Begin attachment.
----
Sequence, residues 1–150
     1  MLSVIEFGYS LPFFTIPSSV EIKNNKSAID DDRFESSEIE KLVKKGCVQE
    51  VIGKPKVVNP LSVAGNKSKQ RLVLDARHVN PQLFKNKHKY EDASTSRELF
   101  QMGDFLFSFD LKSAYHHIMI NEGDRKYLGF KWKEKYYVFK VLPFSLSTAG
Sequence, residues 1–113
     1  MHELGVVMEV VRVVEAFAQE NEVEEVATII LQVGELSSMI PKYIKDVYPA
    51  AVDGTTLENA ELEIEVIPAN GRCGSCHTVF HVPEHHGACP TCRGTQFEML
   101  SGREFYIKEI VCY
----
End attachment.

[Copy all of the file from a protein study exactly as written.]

Sequence, residues 1–150
     1  MLSVIEFGYS LPFFTIPSSV EIKNNKSAID DDRFESSEIE KLVKKGCVQE
    51  VIGKPKVVNP LSVAGNKSKQ RLVLDARHVN PQLFKNKHKY EDASTSRELF
   101  QMGDFLFSFD LKSAYHHIMI NEGDRKYLGF KWKEKYYVFK VLPFSLSTAG
Sequence, residues 1–113
     1  MHELGVVMEV VRVVEAFAQE NEVEEVATII LQVGELSSMI PKYIKDVYPA
    51  AVDGTTLENA ELEIEVIPAN GRCGSCHTVF HVPEHHGACP TCRGTQFEML
   101  SGREFYIKEI VCY